Background wise, Bateman covers a lot of ground. He describes the tumultuous Graeco-Roman world, the tensions in Judea-Roman relationships, and gives us powerful insights on the significance of James' request for wisdom on how to live during those times. False teachings are dealt with in Peter. Even the letter of Jude was written during a time of rebellion, on how Christians ought to live even in the midst of a deterioration in Jewish-Roman relationships. Theologically, the letters are rich in how God's plan was given in the Old Testament, and fulfilled in Jesus. Individually, the letters of Hebrews, 1-2 Peter, and 1 John speak toward humanity, suffering, and sacrifice. All agree that believers are to persevere on and be of good conduct as testimonies for the world.

Chapter 4-6 trace nine steps on exegeting, teaching, and preaching the texts.

  1. Initiate a Translation
  2. Identify Interpretive Issues
  3. Isolate Major Textual Problems
  4. Interpreting Structure
  5. Interpreting Style, Syntax, and Semantics
  6. Interpreting Greek Words
  7. Communicating Exegetically
  8. Communicating the Central Idea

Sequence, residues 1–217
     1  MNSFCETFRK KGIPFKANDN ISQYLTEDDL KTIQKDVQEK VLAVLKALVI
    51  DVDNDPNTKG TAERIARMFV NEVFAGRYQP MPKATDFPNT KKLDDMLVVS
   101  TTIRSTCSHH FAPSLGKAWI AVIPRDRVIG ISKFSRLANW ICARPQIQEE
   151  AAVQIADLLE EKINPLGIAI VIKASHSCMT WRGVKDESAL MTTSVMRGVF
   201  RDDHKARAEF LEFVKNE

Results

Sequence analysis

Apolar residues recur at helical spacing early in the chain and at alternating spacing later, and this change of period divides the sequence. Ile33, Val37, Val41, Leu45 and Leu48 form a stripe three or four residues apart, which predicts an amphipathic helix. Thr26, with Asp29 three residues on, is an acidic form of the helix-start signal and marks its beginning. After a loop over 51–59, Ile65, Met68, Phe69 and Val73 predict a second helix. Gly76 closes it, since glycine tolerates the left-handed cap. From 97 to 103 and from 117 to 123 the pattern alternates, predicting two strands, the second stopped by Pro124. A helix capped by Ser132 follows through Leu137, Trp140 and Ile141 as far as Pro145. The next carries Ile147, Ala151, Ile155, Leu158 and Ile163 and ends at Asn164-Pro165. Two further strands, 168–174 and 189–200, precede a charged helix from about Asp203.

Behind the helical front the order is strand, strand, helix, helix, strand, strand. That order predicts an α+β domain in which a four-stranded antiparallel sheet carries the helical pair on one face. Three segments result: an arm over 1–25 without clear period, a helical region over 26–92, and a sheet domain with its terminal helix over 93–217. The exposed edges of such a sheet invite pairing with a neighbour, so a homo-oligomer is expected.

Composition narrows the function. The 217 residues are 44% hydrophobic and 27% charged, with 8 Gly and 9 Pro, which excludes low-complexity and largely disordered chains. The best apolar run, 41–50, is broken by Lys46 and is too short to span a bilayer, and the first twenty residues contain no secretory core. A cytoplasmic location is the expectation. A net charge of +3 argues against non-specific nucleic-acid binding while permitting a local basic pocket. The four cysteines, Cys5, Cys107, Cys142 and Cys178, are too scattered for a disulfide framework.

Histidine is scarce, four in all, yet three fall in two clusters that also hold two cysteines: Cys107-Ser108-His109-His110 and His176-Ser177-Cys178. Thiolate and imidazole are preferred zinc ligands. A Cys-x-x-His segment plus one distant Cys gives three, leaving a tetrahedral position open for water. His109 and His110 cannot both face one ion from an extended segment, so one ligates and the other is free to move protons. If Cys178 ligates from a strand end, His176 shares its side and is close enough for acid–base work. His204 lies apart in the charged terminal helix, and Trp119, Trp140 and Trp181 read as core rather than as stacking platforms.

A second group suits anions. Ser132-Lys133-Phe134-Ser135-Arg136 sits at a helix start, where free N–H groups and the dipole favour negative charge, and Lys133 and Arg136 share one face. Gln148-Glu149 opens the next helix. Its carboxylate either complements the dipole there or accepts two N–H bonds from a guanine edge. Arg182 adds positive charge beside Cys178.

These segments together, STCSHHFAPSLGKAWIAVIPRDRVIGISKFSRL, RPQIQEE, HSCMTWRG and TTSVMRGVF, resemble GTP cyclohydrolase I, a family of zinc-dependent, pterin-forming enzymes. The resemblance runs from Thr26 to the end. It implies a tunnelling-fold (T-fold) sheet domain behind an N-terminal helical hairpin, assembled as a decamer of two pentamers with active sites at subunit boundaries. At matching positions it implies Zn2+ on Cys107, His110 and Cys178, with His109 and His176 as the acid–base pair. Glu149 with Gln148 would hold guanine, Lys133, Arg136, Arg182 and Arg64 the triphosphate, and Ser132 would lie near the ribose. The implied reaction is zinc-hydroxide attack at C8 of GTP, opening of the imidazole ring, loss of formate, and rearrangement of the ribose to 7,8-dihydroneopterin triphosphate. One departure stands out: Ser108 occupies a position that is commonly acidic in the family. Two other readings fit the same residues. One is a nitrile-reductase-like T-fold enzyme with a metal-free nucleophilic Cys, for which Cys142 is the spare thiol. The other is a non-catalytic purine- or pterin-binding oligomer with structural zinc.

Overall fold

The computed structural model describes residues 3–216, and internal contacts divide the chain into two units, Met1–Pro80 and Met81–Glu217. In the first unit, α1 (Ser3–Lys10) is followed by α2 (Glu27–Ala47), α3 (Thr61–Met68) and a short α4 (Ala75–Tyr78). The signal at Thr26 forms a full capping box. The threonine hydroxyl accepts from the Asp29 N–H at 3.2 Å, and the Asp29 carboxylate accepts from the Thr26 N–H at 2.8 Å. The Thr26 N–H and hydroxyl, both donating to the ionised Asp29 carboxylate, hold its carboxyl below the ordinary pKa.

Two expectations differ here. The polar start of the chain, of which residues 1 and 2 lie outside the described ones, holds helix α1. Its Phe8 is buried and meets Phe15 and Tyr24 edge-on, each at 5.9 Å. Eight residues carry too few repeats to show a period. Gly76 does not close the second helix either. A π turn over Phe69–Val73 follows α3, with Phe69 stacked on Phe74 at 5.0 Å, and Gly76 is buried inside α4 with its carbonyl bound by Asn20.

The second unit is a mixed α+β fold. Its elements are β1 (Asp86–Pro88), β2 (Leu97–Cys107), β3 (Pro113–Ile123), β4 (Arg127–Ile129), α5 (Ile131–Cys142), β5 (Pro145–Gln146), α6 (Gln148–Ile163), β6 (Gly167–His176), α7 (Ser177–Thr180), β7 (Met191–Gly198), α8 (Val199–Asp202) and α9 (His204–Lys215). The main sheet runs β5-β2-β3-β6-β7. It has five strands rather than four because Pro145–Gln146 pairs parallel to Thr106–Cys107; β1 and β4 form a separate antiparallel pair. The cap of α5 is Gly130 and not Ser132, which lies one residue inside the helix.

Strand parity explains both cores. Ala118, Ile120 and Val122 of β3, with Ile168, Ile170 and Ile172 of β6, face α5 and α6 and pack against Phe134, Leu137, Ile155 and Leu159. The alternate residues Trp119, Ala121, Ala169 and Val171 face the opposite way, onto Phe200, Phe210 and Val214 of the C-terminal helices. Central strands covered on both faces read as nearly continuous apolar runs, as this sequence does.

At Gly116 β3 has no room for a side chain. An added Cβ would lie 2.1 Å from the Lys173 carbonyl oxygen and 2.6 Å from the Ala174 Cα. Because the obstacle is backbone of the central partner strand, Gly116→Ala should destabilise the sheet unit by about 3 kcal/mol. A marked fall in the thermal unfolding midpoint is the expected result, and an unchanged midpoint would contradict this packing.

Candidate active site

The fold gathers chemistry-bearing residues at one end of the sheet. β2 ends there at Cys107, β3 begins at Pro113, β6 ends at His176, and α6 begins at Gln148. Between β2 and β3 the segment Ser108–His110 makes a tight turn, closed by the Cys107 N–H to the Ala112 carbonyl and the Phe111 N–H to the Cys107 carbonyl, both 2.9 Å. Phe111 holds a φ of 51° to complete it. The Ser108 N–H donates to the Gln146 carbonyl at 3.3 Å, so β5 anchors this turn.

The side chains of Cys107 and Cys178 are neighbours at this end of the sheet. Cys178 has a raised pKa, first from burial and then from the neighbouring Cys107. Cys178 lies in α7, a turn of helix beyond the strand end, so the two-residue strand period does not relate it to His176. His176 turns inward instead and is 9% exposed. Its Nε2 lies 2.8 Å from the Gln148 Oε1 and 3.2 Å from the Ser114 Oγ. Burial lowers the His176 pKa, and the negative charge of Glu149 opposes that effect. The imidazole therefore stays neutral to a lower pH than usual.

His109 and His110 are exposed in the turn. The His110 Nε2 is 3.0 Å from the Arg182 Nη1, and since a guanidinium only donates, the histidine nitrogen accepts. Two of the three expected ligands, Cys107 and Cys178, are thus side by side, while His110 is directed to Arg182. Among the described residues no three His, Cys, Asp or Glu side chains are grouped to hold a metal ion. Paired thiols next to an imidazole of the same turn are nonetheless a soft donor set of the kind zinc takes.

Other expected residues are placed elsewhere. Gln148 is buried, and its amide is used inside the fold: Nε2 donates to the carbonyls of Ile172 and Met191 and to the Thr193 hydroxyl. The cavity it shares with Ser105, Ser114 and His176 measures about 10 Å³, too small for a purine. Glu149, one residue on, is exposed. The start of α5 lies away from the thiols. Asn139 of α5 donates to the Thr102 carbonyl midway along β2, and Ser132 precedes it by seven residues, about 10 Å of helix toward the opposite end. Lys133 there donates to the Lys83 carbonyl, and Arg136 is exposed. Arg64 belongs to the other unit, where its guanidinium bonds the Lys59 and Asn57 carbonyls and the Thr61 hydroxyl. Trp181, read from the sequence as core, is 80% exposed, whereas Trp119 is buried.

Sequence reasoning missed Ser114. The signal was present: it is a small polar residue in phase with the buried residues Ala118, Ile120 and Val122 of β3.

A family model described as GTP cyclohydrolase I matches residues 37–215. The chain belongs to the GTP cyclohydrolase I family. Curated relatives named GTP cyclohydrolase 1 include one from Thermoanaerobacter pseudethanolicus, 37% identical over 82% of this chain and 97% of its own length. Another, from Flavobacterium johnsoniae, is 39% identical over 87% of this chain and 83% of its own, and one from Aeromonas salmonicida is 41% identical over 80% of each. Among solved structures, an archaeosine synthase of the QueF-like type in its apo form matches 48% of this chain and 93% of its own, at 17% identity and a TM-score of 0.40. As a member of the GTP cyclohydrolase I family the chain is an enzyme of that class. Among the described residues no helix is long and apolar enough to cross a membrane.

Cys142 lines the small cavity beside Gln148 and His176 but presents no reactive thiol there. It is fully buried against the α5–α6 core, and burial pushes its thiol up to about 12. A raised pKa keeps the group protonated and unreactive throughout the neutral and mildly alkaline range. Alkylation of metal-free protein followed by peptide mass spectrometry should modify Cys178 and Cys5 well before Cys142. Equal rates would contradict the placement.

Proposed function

9. Communicating Homiletically

The last two chapters give examples on how to use the nine steps, followed by resources for readers who want more. Let me make five comments.

First, I find the handbook very comprehensive. The level of detail is reflective of Bateman's quality of work. That is another reason why his doctoral thesis had been awarded the prize for highest excellence back in 1993. Just leafing through the historical contexts is already very illuminating. His wealth of knowledge of history is impressive. The range of references include not only the ancient times, but also interpretive sources in the Church Fathers and modern commentaries.

Second, the handbook has an eye on communication, first to the reader, then to the reader's audience. Not only is the handbook describing the background information for interpretation, it is also a manual for communicating the information. The nine steps of how to read, interpret, and communicate the texts show us exactly why. After all, there is no point in mere study of the text if one cannot subsequently share it far and wide. Chapter 6 brings in all together for preachers and teachers to give the interpretation a homiletical push.